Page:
Can you ever forget your first hate?
AS people get older, the unwavering devotion they felt in their youth for a particular team tends to fade.
At a certain age, society decrees that it's not acceptable for grown-ups to walk around in football jerseys on any given day because freshly pressed shirts and spotless suits have greater gravitas. (The same people might tell their children never to judge a book by its cover, but that's beside the point).
Instead of their team's result being the primary focus of the day, other things now get in the way. The wish of boyfriend/girlfriend/ husband/wife to "go somewhere nice" when a match is on; the arrival of children who can't take care of themselves; mortgages and how they are going to be paid as well as bond yields, budgets and other government Bs all draw attention away from what was once so important: the fortunes of their football team.
Yet, even with time and maturity, it's difficult to put away the dislike, some would say hatred, of the teams that, as a child, you always wanted to lose.
In the mid-90s, as Manchester United steam-rolled all before them, the ABU (Anyone But United) was born and, even though United's dominance has tailed off, a last-minute winner or equaliser brings bitter memories racing to the surface.
When four minutes of injury-time were announced at Old Trafford against Wolves last weekend, it was inevitable that United, after playing so poorly, would find somebody to pop up with a last-gasp winner.
The maturity of those who thought they could now accept such a fate was tested to the limit as Park Ji-Sung struck to give United a barely deserved win. On Saturday at Villa Park, Nemanja Vidic was able to complete another dramatic recovery to share the spoils.
As United fans everywhere erupted in celebration of Vidic's goal, others sat in silence as the bitter memories came flooding back. Michael Owen and Paul Scholes against City last season; Federico Macheda against Villa the one before; John O'Shea at Anfield two before that and Steve Bruce's winner in the 28th minute of injury-time against Sheffield Wednesday all those years ago. After a few seconds of reflection, Park's goal was then greeted by the two words that so many have uttered about United in the past: "Jammy b******s."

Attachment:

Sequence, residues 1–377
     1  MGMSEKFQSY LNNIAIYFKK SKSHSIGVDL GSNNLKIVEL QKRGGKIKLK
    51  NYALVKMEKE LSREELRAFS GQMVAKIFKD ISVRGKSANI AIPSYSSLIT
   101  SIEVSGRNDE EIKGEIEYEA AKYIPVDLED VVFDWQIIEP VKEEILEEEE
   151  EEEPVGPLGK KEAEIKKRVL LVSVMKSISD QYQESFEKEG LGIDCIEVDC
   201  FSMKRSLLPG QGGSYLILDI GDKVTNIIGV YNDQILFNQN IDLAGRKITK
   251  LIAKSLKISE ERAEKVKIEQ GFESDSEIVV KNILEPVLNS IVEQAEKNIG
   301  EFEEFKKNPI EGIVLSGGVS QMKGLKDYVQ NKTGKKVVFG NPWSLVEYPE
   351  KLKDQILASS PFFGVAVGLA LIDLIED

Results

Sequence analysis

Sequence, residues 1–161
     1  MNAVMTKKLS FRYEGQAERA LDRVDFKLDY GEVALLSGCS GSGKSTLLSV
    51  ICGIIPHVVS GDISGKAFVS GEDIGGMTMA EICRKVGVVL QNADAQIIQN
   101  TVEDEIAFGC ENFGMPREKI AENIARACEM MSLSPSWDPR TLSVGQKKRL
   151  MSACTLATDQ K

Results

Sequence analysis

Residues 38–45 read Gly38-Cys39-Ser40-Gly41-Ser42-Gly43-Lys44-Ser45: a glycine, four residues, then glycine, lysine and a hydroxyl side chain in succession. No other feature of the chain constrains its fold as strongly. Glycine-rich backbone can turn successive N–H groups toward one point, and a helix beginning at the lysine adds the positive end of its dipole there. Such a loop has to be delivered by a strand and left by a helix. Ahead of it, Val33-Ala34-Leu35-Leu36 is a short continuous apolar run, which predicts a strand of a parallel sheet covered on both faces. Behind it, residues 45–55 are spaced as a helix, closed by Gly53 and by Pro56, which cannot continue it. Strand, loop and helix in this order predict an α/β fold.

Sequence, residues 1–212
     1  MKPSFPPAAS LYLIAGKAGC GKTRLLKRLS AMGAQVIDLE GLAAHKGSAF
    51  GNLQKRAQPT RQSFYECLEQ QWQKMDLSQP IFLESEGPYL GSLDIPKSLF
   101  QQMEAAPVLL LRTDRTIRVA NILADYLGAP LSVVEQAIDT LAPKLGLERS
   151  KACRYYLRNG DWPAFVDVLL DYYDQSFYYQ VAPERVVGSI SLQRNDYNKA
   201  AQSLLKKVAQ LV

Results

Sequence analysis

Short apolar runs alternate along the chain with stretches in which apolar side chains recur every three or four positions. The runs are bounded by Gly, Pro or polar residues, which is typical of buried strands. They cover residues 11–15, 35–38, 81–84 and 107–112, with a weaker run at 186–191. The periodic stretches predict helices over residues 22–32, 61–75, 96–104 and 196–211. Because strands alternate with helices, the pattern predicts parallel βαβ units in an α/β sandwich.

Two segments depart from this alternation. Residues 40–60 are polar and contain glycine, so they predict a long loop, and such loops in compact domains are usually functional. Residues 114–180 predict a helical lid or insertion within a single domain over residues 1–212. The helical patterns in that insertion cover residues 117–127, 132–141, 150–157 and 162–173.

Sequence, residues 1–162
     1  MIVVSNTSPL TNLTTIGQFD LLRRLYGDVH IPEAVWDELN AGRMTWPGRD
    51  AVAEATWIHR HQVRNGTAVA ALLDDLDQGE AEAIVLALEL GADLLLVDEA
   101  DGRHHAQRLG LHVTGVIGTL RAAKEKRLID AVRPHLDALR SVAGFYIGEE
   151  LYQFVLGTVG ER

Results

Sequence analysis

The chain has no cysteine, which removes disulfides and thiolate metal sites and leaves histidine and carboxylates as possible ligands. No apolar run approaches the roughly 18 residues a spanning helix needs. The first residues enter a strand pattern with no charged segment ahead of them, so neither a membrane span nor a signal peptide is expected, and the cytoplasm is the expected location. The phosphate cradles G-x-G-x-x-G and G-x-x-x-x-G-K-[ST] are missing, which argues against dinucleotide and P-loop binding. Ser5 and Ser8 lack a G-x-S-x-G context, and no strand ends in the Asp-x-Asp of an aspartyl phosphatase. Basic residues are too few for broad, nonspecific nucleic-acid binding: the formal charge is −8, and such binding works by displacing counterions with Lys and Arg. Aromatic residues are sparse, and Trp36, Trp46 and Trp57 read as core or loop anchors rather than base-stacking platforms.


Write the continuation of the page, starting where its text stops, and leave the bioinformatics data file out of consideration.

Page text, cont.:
In 1999, after Dennis Bergkamp's penalty miss in the FA Cup semi-final effectively secured them the second leg of the double (they were playing Newcastle in the final, after all), some were able to put their unpleasant feelings for United to one side as they sought a historic treble. All it would have taken for such a U-turn to be justified was for United to put on a dominant display in the Champions League final against Bayern Munich and prove, which even the most ardent ABU would have admitted, that they had been among the best teams in Europe that decade.
Instead, albeit without two of their best players, they did what they always seemed to do, which involved riding their luck (Bayern hitting the woodwork twice) and seizing upon unfathomable mistakes by their opponents (the sliced clearance which drops straight to Ryan Giggs before Teddy Sheringham's equaliser).
Those who had been mature enough to take off the ABU hat for one night only had it rammed down their throat by Ole Gunnar Solskjaer's winner a few seconds later. Historic or not, they are unlikely to make the same choice again. Not that United fans can occupy any sort of moral high ground on the issue, with their hatred reserved for whoever happens to be challenging at the time. And Liverpool, of course. In the mid-90s, Blackburn were the bad guys until they faded back into irrelevance; Arsenal were the bitter enemies until they stopped winning trophies and became a team who United fans could enjoy watching, simply because they were no longer a threat. When Alex Ferguson eased up on the bitterness towards Arsene Wenger, it was a sure sign of Arsenal's demise.
Now, however, it must be difficult for United supporters to work out which team they hate most. For any United fan not from Manchester, it's hard to take a geographical reason for dislike of City seriously simply because they have been irrelevant for so long. Yet the greatest sign of City's threat comes from how much they are getting under the skin of Ferguson and, consequently, how much the others in red now delight in their defeats.
At least City have yet to cost United a trophy unlike Chelsea, who under Jose Mourinho, almost knocked United off their perch as many people's first hate of their football lives. Almost.
Since Mourinho's departure, Chelsea have been less obnoxious, yet their capacity for winning trophies by bull-dozing through an opposition with monotonous regularity hasn't diminished. With owners Roman Abramovich and Sheikh Mansour showing no signs of becoming bored with their pet projects, many years of Chelsea and City dominance seems likely. The era of the ABCs may not be far away.